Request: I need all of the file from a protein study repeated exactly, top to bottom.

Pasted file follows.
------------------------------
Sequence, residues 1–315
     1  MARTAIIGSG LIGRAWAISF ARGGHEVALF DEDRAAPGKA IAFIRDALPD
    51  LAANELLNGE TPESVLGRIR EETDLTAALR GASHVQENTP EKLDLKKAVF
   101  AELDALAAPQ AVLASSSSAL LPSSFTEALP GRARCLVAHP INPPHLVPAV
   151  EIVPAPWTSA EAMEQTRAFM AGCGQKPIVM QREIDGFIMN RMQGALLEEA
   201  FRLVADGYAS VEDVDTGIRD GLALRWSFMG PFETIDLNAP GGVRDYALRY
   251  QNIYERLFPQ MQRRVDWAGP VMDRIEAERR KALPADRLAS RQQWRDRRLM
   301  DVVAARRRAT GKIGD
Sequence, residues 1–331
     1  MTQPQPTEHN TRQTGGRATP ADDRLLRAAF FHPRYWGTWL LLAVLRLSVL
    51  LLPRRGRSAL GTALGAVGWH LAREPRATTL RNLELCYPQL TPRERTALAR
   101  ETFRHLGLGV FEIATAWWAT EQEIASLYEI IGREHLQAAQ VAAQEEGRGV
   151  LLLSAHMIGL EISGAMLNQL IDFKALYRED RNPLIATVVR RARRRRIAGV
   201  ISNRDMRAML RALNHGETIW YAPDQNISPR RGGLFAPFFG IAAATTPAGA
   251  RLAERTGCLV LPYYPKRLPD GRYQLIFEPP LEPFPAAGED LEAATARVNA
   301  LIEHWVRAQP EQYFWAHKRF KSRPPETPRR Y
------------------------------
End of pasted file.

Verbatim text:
Sequence, residues 1–315
     1  MARTAIIGSG LIGRAWAISF ARGGHEVALF DEDRAAPGKA IAFIRDALPD
    51  LAANELLNGE TPESVLGRIR EETDLTAALR GASHVQENTP EKLDLKKAVF
   101  AELDALAAPQ AVLASSSSAL LPSSFTEALP GRARCLVAHP INPPHLVPAV
   151  EIVPAPWTSA EAMEQTRAFM AGCGQKPIVM QREIDGFIMN RMQGALLEEA
   201  FRLVADGYAS VEDVDTGIRD GLALRWSFMG PFETIDLNAP GGVRDYALRY
   251  QNIYERLFPQ MQRRVDWAGP VMDRIEAERR KALPADRLAS RQQWRDRRLM
   301  DVVAARRRAT GKIGD
Sequence, residues 1–331
     1  MTQPQPTEHN TRQTGGRATP ADDRLLRAAF FHPRYWGTWL LLAVLRLSVL
    51  LLPRRGRSAL GTALGAVGWH LAREPRATTL RNLELCYPQL TPRERTALAR
   101  ETFRHLGLGV FEIATAWWAT EQEIASLYEI IGREHLQAAQ VAAQEEGRGV
   151  LLLSAHMIGL EISGAMLNQL IDFKALYRED RNPLIATVVR RARRRRIAGV
   201  ISNRDMRAML RALNHGETIW YAPDQNISPR RGGLFAPFFG IAAATTPAGA
   251  RLAERTGCLV LPYYPKRLPD GRYQLIFEPP LEPFPAAGED LEAATARVNA
   301  LIEHWVRAQP EQYFWAHKRF KSRPPETPRR Y